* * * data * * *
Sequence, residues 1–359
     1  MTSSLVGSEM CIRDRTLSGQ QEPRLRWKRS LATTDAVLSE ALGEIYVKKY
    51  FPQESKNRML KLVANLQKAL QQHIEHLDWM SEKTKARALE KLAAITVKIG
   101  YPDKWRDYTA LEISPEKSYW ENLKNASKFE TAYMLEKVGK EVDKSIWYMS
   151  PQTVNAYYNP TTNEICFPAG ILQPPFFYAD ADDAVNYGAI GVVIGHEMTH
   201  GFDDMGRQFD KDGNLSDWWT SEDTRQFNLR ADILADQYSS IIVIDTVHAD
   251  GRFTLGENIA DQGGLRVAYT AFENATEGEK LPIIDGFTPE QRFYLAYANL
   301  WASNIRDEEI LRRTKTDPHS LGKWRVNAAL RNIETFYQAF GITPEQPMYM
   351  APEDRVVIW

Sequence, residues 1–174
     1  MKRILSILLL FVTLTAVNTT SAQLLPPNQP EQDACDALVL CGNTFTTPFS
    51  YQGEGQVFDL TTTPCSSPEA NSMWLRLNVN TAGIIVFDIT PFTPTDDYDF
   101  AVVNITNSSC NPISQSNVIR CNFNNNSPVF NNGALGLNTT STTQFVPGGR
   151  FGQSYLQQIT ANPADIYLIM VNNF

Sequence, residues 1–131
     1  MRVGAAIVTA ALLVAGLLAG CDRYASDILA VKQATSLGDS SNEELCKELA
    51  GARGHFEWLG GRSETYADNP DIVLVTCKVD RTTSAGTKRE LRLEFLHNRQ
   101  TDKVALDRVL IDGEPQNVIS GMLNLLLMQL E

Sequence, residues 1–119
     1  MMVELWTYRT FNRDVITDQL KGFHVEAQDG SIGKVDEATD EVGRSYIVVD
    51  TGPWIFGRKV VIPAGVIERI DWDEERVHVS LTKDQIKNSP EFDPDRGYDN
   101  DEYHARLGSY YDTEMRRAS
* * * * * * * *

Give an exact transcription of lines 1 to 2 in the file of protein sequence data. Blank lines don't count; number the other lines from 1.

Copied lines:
Sequence, residues 1–359
     1  MTSSLVGSEM CIRDRTLSGQ QEPRLRWKRS LATTDAVLSE ALGEIYVKKY